It’s a hot morning during the summers of 1995 in Phoenix, Arizona. The air looks like it’s seething with heat yet we go outside anyways and hopped into my dad’s messy, rickety truck, with newspapers strewn all across the seat. We started on our way to the pho place that we always frequent. As we arrived at the pho place, my dad greets all his buddies and I trail behind him, smiling and waving as people shout out greetings. We sit down at a table and my dad orders two of the usual. Around me is the sound of the hustling and bustling of a Vietnamese restaurant during a busy weekend morning.
Around me is also the smells of noodle soups, coffee, and soy milk; mismatched tables and chairs; waiters and bussers going from table to table with their notepad, food, and cleaning cart. People coming and going, to and from our table, talking to my dad. At this pho place, most people were usual guests and all knew each other from the tight knit Vietnamese community.
A few minutes later, the waiter appears with two glass cups, filled partially with condense milk, two stainless steel coffee filters, two glass cups with ice, and a kettle of just boiled water. We prep the coffee filter and place them on the glass cups, it fits over it perfectly. My dad picks up the kettle, and slowly pours the boiled water into the coffee filters. The coffee starts dripping slowly into the glass. I watch as the coffee drips, drips, drips into the glass cup disturbing the condense milk that laid at the bottom. Then the dripping slowed and stopped. We lifted the coffee filter, picked up long metal spoons, and stirred the coffee to combine it with the condense milk. Once it was a light brown color, we stopped and poured the hot coffee into the glass cups with ice. The coffee cools, and we take a sip. Ah, sweet creamy iced coffee. This was my typical weekend morning as a little girl.
20 years later, although I’m not a daily coffee drinker, I’m still a fan of Vietnamese coffee. Not really for the convenience or taste, although both are benefits of Vietnamese coffee, but mostly for the nostalgia. It gives me all the feels and takes me back to the mornings when I was a little girl drinking coffee with my dad. When I was little, it was just how coffee was made on the daily. Now I appreciate the simplicity and functionality of the stainless steel coffee filter. Easy to clean, compact, lightweight, and sturdy. Perfect for car camping, so of course, when I recently went camping in the backcountry of Arizona, we packed the Vietnamese coffee filter and had a nostalgic cup of coffee for breakfast.
First, you fill your cup with condensed milk. However much you like. The more you put, the sweeter and creamier your coffee will be. Typically, cow’s milk is used. Here, we used coconut condensed milk. You can also skip the condensed milk and just have super strong, black coffee.
Then place the coffee filter onto the cup, and fill the filter with around one and half tablespoon of ground coffee. Wet the coffee grounds with just a little bit of hot water.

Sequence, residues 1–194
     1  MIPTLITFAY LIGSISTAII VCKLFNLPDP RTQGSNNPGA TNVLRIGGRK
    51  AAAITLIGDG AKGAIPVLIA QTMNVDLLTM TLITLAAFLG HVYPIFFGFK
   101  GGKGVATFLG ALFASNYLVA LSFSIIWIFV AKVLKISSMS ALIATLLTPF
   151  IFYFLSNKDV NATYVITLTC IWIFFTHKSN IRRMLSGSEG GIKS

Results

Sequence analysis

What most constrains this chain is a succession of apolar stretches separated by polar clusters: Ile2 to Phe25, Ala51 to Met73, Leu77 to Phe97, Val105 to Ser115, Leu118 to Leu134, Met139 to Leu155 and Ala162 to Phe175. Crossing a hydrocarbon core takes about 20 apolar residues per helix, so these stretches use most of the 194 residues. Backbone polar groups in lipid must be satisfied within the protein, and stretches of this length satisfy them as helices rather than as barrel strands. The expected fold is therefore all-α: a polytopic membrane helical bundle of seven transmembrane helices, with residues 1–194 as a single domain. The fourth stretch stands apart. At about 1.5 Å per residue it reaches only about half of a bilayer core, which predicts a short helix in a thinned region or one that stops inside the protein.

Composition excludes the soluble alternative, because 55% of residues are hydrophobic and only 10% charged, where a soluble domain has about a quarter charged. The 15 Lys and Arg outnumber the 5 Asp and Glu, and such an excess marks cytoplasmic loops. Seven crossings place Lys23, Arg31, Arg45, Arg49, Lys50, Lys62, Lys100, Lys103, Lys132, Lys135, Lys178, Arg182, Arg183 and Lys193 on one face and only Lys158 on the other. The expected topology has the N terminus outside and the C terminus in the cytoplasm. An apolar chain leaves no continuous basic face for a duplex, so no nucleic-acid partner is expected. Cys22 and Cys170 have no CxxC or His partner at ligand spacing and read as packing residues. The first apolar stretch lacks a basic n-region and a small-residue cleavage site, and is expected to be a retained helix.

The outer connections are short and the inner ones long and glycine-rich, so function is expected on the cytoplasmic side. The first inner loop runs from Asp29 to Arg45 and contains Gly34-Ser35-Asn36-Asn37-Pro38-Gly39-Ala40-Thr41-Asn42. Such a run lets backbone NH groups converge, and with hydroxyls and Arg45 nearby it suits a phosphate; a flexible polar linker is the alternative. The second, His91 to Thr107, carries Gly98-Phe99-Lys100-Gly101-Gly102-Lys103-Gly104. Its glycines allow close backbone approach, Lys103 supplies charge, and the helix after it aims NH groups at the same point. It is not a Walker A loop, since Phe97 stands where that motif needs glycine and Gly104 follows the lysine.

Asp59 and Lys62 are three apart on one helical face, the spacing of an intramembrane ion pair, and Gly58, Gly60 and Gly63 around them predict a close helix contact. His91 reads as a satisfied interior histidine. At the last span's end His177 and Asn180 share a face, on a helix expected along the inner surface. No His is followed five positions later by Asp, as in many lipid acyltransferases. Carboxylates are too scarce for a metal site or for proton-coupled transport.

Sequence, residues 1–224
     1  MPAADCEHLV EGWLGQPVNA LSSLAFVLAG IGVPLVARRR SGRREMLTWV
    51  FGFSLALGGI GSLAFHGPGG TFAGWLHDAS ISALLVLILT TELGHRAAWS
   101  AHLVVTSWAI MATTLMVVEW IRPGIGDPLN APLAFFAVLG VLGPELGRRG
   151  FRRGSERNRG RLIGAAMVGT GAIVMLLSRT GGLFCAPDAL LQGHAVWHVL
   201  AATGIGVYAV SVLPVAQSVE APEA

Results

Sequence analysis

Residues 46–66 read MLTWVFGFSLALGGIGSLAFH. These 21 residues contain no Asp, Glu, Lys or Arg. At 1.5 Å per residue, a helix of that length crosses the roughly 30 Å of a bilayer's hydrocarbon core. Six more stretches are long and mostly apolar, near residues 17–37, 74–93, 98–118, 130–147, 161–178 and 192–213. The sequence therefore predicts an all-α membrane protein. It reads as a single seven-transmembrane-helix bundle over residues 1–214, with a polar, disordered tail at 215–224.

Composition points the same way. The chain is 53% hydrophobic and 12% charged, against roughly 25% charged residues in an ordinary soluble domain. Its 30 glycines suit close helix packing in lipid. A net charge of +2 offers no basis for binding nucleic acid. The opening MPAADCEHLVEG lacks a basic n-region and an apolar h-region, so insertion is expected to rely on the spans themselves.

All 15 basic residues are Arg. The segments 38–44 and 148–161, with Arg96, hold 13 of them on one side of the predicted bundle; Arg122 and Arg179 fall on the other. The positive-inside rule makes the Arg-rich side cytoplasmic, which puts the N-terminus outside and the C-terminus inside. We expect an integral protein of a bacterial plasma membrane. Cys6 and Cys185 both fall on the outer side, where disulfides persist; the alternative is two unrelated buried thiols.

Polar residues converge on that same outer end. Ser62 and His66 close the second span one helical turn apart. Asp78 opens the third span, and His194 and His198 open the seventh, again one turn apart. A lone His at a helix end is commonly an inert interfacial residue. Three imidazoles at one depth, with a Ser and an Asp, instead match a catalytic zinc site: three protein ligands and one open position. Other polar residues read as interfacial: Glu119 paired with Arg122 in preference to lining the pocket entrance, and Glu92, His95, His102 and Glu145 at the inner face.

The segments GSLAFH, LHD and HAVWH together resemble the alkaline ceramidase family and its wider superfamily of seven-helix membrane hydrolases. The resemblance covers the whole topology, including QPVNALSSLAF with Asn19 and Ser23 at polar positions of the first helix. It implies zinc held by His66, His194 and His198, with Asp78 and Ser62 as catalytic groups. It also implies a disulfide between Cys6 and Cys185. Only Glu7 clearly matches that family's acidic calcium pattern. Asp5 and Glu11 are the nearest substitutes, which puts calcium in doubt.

Now screw on the press and pack the coffee tight.
Slowly pour boiled water into the coffee filter and cover it with it’s little hat. Now the coffee will start dripping into the cup slowly. It’ll take around five minutes for it to finish brewing, depending on how tight you screwed the filter.
The longer it takes, the stronger the coffee will be. To make it drip faster or slower, just take a spoon or tip of a knife to screw the press on tighter or make it looser.
While it’s dripping, enjoy your camp view!
Once it’s finished, remove the coffee filter and stir well to combine the condensed milk and coffee. (You can set the coffee filter onto it’s lid to avoid dripping onto the surface of whatever you’re using, in this case, a boulder.)
And there you go! Vietnamese coffee and all the feels of nostalgia.*
- 1.5 tbsp Ground Coffee
- Boiled Water
- Condensed Milk (we used coconut condensed milk)
A Vietnamese coffee filter
A kettle or pan to boil water
A cup for the coffee
Ground the coffee (if not grounded already) and place in a container. Get enough condensed milk and place in a container with a twist cap so it doesn't spill. Don't forget the water!
While the water is heating up, fill the coffee cup with condensed milk.
Set the coffee filter on the cup and add the coffee grounds. Wet the coffee grounds with a little bit of hot water.
Screw on the press and pack the coffee tight.
Pour boiled water into the coffee filter and cover with it's little hat. Now the coffee will start dripping into the cup slowly. It’ll take around five minutes for it to finish brewing, depending on how tight you screwed the filter.
Once it’s finished dripping, remove the coffee filter and stir well to combine the condensed milk and coffee. Stir until it's well blended. Once blended, take a sip and enjoy camp!
*Not pictured, a large ant trying to get a taste of the Vietnamese coffee and a bee attracted to the sweet smell of the condensed milk. The dark side of camping, bugs and all.